Tropical storm Isaias brings heavy rains

Tropical storm Isaias brings heavy rains
The red-shaded area denotes the potential path of the center of the storm. It's important to note that impact, (particularly heavy rain, high surf, coastal flooding, winds) with any tropical cyclone usually spread beyond its forecast path. (Weather Channel)

NASSAU, BAHAMAS — Tropical Storm Isaias is bringing heavy rain to parts of Caribbean, including Puerto Rico, after the weather system developed into a tropical storm last night.

Meteorologists have maintained there is still a chance the storm could develop into a hurricane as the atmosphere was “quite complex”, but it was “highly improbable”.

“On the forecast track, the center of Isaias will move over Hispaniola later today and near the southeastern Bahamas by tonight or early Friday,” the National Hurricane Center said.

Tropical storm conditions are expected to be experienced across portions the southeastern Bahamas and Turks and Caicos this afternoon.

Tropical storm conditions were also expected in the central Bahamas beginning Friday morning and possibly in the northwest Bahamas beginning Friday night, according to the Department of Meteorology.

As of 8am, Isaias was located 125 miles west of Puerto Rico and 105 miles east-southeast of the Dominican Republic.

It had maximum sustained winds of 60 miles per hour.

It was moving northwest at 20 miles per hour, losing some forward momentum compared to the 25 miles per hour it was travelling on Wednesday.

As of 9am, the department advised Isaias was causing life-threatening flash floods and high winds over Puerto Rico.

Director of the Department of Meteorology Trevor Basden said yesterday there was a 75 percent chance Isaias will remain a tropical storm as it passes over The Bahamas this weekend.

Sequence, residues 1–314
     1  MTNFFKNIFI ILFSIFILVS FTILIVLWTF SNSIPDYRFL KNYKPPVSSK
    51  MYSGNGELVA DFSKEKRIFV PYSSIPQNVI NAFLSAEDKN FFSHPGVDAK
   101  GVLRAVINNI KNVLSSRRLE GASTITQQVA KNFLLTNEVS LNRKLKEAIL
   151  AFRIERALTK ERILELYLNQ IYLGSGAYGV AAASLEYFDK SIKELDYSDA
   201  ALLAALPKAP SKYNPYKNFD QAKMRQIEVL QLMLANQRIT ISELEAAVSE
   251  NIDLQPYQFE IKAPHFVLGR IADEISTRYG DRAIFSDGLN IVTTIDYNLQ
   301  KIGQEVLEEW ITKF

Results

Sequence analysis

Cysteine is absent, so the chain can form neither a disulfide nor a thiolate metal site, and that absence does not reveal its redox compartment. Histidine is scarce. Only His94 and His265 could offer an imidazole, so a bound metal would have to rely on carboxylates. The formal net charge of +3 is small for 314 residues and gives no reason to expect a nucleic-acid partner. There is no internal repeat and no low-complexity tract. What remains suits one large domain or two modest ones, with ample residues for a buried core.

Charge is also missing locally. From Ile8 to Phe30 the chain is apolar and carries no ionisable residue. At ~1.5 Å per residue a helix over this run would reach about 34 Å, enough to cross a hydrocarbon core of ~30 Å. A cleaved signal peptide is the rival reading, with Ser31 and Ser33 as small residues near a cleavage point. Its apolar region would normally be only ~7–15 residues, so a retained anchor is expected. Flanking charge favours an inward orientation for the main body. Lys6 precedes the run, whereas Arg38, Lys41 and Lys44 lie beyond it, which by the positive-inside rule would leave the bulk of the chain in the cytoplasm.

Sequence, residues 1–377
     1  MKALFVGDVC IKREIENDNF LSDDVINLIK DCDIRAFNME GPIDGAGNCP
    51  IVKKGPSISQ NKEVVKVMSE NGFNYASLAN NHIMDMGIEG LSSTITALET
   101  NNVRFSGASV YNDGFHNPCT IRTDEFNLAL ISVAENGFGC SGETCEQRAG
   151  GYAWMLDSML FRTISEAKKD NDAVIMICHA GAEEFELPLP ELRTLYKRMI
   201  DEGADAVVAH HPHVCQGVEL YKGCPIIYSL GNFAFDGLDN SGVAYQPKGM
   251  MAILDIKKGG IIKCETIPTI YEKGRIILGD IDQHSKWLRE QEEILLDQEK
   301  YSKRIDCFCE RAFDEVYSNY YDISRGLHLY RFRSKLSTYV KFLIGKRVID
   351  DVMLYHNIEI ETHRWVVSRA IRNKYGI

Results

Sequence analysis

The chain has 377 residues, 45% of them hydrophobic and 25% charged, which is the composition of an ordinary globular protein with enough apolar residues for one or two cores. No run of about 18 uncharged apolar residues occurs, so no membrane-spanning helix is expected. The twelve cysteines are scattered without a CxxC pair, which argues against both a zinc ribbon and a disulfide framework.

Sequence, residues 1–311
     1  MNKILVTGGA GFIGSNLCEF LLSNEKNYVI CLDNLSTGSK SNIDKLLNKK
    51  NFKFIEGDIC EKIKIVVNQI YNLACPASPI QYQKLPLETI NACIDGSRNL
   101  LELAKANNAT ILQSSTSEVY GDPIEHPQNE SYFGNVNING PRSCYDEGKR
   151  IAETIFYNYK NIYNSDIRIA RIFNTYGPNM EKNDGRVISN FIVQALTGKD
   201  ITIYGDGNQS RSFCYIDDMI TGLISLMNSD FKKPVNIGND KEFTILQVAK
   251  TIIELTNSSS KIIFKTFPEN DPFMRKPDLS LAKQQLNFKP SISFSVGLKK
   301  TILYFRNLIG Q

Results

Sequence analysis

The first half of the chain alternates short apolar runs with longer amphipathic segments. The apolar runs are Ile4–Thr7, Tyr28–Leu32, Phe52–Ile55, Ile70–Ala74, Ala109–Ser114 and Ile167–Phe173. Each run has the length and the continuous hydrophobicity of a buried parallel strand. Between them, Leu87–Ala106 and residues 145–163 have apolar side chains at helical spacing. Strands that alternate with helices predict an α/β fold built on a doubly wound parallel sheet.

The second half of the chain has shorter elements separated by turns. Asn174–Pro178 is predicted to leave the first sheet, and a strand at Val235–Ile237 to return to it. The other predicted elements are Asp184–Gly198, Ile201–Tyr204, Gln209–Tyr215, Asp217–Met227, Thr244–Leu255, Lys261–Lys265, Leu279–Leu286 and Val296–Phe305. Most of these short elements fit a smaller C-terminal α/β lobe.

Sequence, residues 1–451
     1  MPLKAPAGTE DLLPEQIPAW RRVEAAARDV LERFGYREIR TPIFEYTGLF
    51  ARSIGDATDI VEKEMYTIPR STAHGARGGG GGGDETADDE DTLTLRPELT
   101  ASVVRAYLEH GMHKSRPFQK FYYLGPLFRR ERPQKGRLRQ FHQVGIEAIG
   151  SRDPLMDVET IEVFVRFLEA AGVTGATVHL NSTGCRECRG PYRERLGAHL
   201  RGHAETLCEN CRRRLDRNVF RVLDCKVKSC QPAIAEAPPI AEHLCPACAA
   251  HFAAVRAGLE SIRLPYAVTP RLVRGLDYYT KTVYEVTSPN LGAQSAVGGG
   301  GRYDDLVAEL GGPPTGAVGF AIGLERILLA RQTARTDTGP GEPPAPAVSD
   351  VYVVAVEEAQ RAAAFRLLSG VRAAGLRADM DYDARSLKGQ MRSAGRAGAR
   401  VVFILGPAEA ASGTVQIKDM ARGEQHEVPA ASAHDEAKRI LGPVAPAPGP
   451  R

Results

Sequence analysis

“All of the models are agreeing, in good agreement, that development is not likely even to hurricane force,” he said during a National Emergency Management Agency (NEMA) press conference.

“Obviously, we will be watching it, but it is  so close to land now that even if it does develop or try to develop with rapid intensification, its interaction with the land mass…especially with how hilly and mountainous [it’s] going to meet with Hispaniola and Cuba, we should be fine.”

Basden continued: “I assure you in this case, the supporting mechanisms are not there to indicate rapid intensification. Now, to be honest with you when it comes to track forecasting, the models are very good. When it comes to intensifications, as you were eluding to, they are not very good. But noting what happened with Dorian, the scientist tweaked the models and we are trying to get it all right. And obviously this came to mind; say ‘what if, what if’. For the most part we are looking at, I think they say the 75 percent probability that this would not develop into even a hurricane.”

A tropical storm warning remains in effect for the southeastern Bahamas including the Acklins, Crooked Island, Long Cay, Inagua, Mayaguana, and Ragged Islands; the central Bahamas, including Cat Island, the Exumas, Long Island, Rum Cay, and San Salvador

Countries including Puerto Rico; the U.S. Virgin Islands; the British Virgin Islands; Dominican Republic; the north coast of Haiti; and Turks and Caicos Island also remain under tropical storm warning.

A tropical storm warning means that tropical storm conditions are expected somewhere within the warning area within 36 hours.

A tropical storm watch is in effect for the northwestern Bahamas.

These include Andros, New Providence, Eleuthera, the Abacos, the Berry Islands, Grand Bahama and Bimini.

A tropical storm watch means that tropical storm conditions are possible within the watch area, generally within 48 hours.